Around 35 percent of expectant mothers may be at risk of pregnancy complications – such as miscarriage or preterm birth – as a result of iron deficiency. This is the conclusion of a new study published in the European Journal of Endocrinology.
Iron deficiency is a common form of anemia, arising when the body does not have enough iron – a mineral present in a number of foods, including beef, beans, nuts, whole grains, and dried fruits.
According to the World Health Organization (WHO), more than 30 percent of the global population are anemic, with most cases attributable to iron deficiency.
For adults aged 19-50 years, the National Institutes of Health (NIH) recommend a daily iron intake of 8 milligrams for men and 18 milligrams for women, rising to 27 milligrams during pregnancy.
As a result of iron deficiency, the body produces insufficient levels of hemoglobin – a protein in red blood cells that carries oxygen from the lungs to the body’s tissues. This can lead to tiredness and lack of energy, shortness of breath, chest pain, heart palpitations, and a pale complexion.
According to lead author Dr. Kris Poppe – head of the Endocrine Clinic at Saint-Pierre University Hospital (ULB) in Brussels, Belgium – iron deficiency can be especially harmful for expectant mothers and their offspring; women need more iron during pregnancy in order to make the additional blood cells needed for fetal and placental growth.
Iron also aids the functioning of a protein called thyroid peroxidase (TPO), which is crucial for the production of thyroid hormone. Pregnant women need to produce enough thyroid hormone in order for their babies’ brains to fully develop. This is particularly important in the first trimester of pregnancy, when the fetus has yet to develop its own thyroid gland.
For their study, Dr. Poppe and colleagues set out to investigate the scale of iron deficiency during pregnancy, and how this might be linked to the development of thyroid problems.
To reach their findings, the researchers monitored 1,900 women during their first trimester of pregnancy.
The team measured the women’s blood levels of the protein ferritin (an indicator of iron levels), levels of antibodies against TPO (an indicator of thyroid autoimmunity, where the immune system mistakingly attacks healthy thyroid cells), levels of the thyroid hormone free thyroxine (FT4), and levels of thyroid stimulating hormone (TSH).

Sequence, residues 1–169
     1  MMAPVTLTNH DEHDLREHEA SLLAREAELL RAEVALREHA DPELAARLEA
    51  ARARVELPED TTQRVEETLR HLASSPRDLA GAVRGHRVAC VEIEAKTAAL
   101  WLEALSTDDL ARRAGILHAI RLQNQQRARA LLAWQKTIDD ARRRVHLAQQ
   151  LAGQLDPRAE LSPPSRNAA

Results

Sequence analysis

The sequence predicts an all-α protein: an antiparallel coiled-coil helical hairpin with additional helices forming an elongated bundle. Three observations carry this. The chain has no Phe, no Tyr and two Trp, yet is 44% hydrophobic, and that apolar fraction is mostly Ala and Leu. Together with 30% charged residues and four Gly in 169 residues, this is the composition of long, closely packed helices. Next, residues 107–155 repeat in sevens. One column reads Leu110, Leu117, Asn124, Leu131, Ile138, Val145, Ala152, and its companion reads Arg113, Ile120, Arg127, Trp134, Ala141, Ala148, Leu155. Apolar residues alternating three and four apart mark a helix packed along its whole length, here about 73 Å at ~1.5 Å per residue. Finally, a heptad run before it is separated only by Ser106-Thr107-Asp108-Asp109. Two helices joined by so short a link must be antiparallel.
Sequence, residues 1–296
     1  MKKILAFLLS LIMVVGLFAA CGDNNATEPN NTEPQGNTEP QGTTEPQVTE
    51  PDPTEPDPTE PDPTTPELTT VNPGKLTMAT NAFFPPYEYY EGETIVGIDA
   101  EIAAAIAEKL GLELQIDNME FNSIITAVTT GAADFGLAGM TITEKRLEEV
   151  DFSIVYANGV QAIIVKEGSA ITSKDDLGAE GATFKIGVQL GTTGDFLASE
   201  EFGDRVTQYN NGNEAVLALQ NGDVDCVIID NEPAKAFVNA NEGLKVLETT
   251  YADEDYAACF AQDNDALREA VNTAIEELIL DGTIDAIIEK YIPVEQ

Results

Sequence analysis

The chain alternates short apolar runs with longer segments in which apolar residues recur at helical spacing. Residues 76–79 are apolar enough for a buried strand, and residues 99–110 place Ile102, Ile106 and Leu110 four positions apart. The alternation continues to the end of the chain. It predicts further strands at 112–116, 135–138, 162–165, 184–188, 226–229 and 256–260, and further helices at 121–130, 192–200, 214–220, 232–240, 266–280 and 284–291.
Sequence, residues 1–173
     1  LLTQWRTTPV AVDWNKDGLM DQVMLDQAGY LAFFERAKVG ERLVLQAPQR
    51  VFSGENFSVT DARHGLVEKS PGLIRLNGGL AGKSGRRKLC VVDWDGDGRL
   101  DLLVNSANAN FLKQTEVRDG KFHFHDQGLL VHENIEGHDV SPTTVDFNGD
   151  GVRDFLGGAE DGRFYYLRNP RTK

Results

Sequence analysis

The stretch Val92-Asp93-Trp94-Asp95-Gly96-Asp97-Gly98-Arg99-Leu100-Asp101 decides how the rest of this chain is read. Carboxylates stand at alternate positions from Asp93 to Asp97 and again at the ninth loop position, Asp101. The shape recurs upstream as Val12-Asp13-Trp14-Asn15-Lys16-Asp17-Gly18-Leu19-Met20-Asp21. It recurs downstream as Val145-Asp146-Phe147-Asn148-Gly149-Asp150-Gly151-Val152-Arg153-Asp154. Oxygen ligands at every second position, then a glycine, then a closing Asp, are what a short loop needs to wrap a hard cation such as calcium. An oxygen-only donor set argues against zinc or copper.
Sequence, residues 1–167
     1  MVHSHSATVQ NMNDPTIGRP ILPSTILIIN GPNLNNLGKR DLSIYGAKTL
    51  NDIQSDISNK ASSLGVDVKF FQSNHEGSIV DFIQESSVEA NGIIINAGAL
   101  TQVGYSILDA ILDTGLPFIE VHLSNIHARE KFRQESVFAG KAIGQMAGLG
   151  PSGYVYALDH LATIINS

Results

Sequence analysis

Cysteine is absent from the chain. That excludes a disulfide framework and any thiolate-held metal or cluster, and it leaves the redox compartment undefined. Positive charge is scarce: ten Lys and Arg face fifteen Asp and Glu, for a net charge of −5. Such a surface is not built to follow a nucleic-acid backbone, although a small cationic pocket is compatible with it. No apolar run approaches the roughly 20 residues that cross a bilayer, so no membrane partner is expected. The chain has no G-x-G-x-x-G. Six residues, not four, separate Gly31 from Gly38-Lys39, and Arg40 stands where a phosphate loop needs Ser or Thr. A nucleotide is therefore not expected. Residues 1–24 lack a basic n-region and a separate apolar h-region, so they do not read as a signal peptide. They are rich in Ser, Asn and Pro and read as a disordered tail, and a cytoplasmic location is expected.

The researchers found that 35 percent of the expectant mothers had iron deficiency, of whom 10 percent had thyroid autoimmunity. Among pregnant women without iron deficiency, 6 percent had thyroid autoimmunity.
What is more, measurements of TSH levels showed that 20 percent of the pregnant women with iron deficiency had subclinical hypothyroidism, where TSH levels are mildly elevated, compared with 16 percent of those without iron deficiency.
The results remained after accounting for the women’s age and body mass index (BMI), the team reports.
The researchers say their findings show that iron deficiency remains a major issue, and they suggest increased focus on identifying and addressing iron deficiency during pregnancy.
Medical News Today asked Dr. Poppe what his advice would be for expectant mothers who are concerned about the risks associated with iron deficiency:
“To check their levels before pregnancy and [make it] a priority to increase their intake of food rich in iron. Depending on the area, city, or country where the women live, it can be advised to start multivitamin products (containing iron) before pregnancy.”
Dr. Kris Poppe
The researchers now plan to investigate whether iron deficiency and/or thyroid autoimmunity among the women influenced pregnancy outcomes.
They also want to establish cause and effect; does iron deficiency trigger thyroid autoimmunity, or does thyroid autoimmunity cause iron deficiency? They note that previous studies indicate the first proposition is most likely.